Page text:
Using The Right Scales
It’s alright if you don’t have any knowledge of music theory.
Of course, if you want to learn more about writing amazing chords without any music theory knowledge, you can check out our video here.
However, if the idea of learning music theory sounds like an arduous process, FL Studio has a scale option where you can select the scale you want to use and limit the notes on your keyboard to that scale.
For those totally new to music theory, scales are groupings of notes that humankind has developed because of the way they sound together.
The most fundamental rule of thumb is that major scales provide a happy sound while minor scales provide a sad sound. So, as you may have guessed, minor scales are what you should be using for UK drill music!
While there aren’t any rules here, we would suggest you start by picking a scale, such as A minor, and manipulating it from there. Once your melody is finished, you can always shift the scale up or down in pitch.
We also recommend starting with the natural minor or Aeolian settings, then switching to Harmonic or Melodic to see if you vibe with either of those!
Crafting The Perfect Melody
When crafting the melody, try to start with the bass note or fundamental note.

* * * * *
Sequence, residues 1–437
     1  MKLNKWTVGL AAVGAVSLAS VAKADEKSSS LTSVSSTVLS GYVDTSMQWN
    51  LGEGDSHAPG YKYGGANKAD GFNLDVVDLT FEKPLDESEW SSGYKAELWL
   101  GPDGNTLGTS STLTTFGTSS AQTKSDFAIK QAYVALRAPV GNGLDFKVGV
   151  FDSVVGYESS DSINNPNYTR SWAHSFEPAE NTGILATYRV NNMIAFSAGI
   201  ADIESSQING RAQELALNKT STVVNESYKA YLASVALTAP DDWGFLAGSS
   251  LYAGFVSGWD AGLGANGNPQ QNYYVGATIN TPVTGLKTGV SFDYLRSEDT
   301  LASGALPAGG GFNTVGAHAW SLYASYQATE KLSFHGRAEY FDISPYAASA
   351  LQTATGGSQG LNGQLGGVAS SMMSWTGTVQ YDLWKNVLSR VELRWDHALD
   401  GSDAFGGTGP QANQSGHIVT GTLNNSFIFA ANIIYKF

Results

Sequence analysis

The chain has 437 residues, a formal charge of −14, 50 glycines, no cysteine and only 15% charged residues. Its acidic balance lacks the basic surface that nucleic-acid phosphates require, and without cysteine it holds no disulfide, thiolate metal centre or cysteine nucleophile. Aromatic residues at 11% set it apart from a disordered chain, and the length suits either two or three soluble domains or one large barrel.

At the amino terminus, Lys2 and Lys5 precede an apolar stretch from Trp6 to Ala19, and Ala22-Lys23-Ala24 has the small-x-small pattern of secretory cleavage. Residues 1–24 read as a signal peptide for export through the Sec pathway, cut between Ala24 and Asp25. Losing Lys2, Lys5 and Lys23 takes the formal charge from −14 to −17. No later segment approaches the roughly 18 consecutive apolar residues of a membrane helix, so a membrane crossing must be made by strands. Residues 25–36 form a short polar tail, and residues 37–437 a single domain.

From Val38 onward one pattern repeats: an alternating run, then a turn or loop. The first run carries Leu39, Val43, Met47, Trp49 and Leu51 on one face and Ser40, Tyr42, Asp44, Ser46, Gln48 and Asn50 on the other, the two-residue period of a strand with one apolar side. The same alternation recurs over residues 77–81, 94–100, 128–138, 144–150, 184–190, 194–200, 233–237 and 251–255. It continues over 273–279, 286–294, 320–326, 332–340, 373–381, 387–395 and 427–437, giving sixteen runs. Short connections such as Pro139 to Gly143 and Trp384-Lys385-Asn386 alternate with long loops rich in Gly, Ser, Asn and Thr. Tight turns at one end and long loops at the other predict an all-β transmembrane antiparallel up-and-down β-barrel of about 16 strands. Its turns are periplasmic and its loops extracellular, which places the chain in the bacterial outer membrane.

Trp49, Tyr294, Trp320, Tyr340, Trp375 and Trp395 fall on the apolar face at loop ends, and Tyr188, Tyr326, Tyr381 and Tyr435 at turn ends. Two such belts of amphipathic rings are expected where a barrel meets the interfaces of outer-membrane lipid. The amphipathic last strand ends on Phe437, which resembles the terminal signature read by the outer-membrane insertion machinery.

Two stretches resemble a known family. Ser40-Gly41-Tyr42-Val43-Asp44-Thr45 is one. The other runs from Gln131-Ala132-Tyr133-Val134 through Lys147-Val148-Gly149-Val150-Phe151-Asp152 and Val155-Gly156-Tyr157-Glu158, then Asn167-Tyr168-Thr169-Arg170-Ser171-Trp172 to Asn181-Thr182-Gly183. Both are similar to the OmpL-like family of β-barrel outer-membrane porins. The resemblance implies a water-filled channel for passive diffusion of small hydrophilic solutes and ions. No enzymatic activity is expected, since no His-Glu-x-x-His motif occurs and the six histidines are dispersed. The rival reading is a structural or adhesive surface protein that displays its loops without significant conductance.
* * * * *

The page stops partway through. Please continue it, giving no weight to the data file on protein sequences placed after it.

For example, let’s say you’re working in the key of A minor. The note A would be your fundamental note (the note that the scale resolves on).
You can use this note and extend it for a bar, repeating this for another few bars until you have four bars covered. Next, you’ll want to draw a few notes on top of those to form a few chords. If you have your scale set, you should be able to experiment with these topper notes without getting anything that sounds weird or out of key.
Once you have your chords set up the way you want them, you can choose the counter melody.
Remember, there are no rules in music! However, we find that following certain guidelines can be helpful, especially if the thought of having infinite options is overwhelming.
If you need some inspiration, listen to some of your favorite UK Drill music and write down what you notice about the melodies.
Do they start on the downbeat?
Are they simple or complex?
Do the notes rise, fall, or both?
Put your newly created chords on loop and hum out a counter melody for them. Then, imagine how you would position those notes in your piano roll. Once you get a basic groove down, you can begin drawing your notes in so that it sounds like the melody you were just humming.
Soon enough, it should come together!
Not only will this help in crafting a cool drill melody, but it is also great practice for crafting melodies down the road! Each time you do this, you’ll get faster and faster at it!
PRO TIP - Once you have your melody ready, it’s a good idea to make it sound more realistic. It should sound as if it was played by a human, not snapped to a grid by clicking a mouse. You can “humanize” your melody by slightly pushing the notes off the grid and adjusting the velocity or volume of some of the notes so that only some of them are accentuated.